appears to be preparation for a
third nuclear test, according to
South Korean intelligence offi-
The excavation at North
Korea's northeast Punggye-ri
site, where nuclear tests were
conducted in 2006 and 2009, is
in its final stages, according to
a report by intelligence officials
that was shared yesterday with
The Associated Press.
Its release comes as North
Korea prepares to launch a long-
range rocket that Washington
and others say is a cover for
testing missile technology that
could be used to fire on the Unit-
ed States.
The Obama administration

said yesterday it would con-
sider both a rocket launch and
an underground nuclear test as
highly provocative and leave
Pyongyang more isolated.
"In each case this would be
an indication of North Korea's
decision at the leadership level
not to take the steps that are
necessary to allow North Korea
to end its isolation, to rejoin the
community of nations and to do
something about the extreme
poverty and depravation that
its people suffer," White House
spokesman Jay Carney told a
news briefing in Washington.
Observers fear a repeat of
2009, when international criti-
cism of the North's last long-
range rocket launch prompted
Pyongyang to walk away from
nuclear disarmament negotia-
tions and, weeks later, conduct
its second nuclear test. A year
later, 50 South Korean were
killed in attacks blamed on the
"North Korea is covertly pre-
paring for a third nuclear test,
which would be another grave
provocation," said the intelli-

gence report, which cited U.S.
commercial satellite photos
taken April 1. "North Korea is
digging up a new underground
tunnel at the Punggye-ri nuclear
test site, in addition to its exist-
ing two underground tunnels,
and it has been confirmed that
the excavation works are in the
final stages."
Dirt believed to have been
brought from other areas is
piled at the tunnel entrance, the
report said, something experts
say is needed to fill up tunnels
before a nuclear test. The dirt
indicates a "high possibility"
North Korea will stage a nuclear
test, the report said, as plugging
tunnels was the final step taken
during its two previous under-
ground nuclear tests.
U.S. State Department spokes-
woman Victoria Nuland told
reporters she was not in a posi-
tion to confirm whether North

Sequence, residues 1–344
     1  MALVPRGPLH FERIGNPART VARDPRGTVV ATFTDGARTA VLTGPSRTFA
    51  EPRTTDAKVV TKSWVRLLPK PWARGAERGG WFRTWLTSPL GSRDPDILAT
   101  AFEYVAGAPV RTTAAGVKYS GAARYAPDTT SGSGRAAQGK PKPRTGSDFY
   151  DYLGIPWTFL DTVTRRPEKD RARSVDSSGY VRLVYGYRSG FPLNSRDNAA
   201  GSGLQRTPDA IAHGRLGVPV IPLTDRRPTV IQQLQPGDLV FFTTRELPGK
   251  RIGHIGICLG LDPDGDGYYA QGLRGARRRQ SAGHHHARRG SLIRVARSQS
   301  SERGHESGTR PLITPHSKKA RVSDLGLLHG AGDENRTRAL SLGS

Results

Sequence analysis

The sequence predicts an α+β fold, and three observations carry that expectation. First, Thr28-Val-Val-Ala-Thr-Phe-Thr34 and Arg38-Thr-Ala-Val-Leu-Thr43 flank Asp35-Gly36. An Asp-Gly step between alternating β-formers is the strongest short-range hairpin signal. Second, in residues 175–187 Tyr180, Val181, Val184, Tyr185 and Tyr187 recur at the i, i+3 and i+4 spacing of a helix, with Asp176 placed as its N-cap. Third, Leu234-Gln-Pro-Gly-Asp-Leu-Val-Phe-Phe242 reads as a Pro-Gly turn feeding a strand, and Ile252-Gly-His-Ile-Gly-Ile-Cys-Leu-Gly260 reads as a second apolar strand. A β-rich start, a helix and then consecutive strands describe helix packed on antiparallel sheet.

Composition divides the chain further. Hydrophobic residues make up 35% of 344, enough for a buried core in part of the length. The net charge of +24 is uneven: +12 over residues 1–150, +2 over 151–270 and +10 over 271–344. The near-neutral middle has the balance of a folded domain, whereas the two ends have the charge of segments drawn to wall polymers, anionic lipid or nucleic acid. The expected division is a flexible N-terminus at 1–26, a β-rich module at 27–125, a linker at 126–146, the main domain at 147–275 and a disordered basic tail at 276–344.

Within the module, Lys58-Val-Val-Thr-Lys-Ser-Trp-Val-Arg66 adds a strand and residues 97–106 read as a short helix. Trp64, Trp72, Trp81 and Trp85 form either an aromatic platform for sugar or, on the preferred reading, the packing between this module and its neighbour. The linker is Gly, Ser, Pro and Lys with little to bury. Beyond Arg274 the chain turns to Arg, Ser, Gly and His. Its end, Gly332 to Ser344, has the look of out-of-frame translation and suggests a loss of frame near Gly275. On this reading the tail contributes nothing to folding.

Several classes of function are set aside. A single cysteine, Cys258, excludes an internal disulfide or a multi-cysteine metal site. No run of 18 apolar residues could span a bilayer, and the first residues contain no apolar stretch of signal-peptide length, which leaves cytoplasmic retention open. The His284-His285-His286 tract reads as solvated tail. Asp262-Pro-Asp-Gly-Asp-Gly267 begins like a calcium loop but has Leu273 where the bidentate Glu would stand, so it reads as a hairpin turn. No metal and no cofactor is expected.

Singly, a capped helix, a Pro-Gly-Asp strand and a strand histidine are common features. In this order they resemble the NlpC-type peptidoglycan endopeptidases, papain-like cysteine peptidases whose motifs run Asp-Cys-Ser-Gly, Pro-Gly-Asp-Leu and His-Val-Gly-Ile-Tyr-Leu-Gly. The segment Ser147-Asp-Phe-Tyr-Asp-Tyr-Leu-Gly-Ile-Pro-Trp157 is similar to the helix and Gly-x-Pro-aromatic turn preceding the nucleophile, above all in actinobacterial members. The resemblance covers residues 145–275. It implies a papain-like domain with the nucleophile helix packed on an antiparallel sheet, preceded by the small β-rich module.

Korea was preparing for a nucle-
ar test after the rocket launch.
She said a launch would be
"highly provocative" and a
nuclear test "would be equally
bad, if not worse."

Facing sanctions, Iran may now
bargain over nuclear program


of the
that s
ern de
its m'
rial an

npromise would rattled nerves and spooked mar-
kets with seesaw oil prices and
le back uranium threats of Israeli military strikes.
"It is important for Iran to
enrichment understand that the window is
closing and that these talks are
HRAN, Iran (AP) - Iran is an opportunity," White House
ing a possible compromise press secretary Jay Carney said
heading into critical talks yesterday. "The decision rests
world powers deeply sus- with Iran."
s of its nuclear program: The talks involving Iran and
ng to scale back uranium the five permanent U.N. Security
ment but not abandon the Council nations plus Germany, to
'to make nuclear fuel. be held in Istanbul, are the first
e proposal - floated by the direct negotiations on Tehran's
ry's nuclear chief as part nuclear program since aswiftcol-
early parrying in various lapse more than 14 months ago.
Is before negotiations get Despite far-reachingcomplex-
way Friday - suggested ities, the dispute effectively boils
anctions-battered Iran is down to one issue: Iran's stated
to bargain. refusal to close down its uranium
this gambit, at least, enrichment labs.
red to fall short of West- For Iran, uranium enrichment
mands that Iran hand over is a proud symbol of its scien-
ost potent nuclear mate- tific advances and technological
nd ease a standoff that has self-sufficiency. Iran's president,

Mahmoud Ahmadinejad, called
the nuclear program on Sunday
"a locomotive" for other show-
case projects such as Iran's space
The U.S. and its allies contend
that the same sites that make fuel
for reactors could also eventually
churn out weapons-grade mate-
rial. Iran has repeatedly insisted
that its nuclear program is for
peaceful purposes only.
The ideas put forth late Sun-
day by the nuclear chief, Fere-
idoun Abbasi, are an attempt to
at least acknowledge this huge
Abbasi said Tehran could
eventually stop its production of
the 20 percent enriched uranium
needed for a research ,reactor,
used for medical research and
treatments. But, he added, Iran
would continue enriching ura-
nium to lower levels of about 3.5
percent for power generation.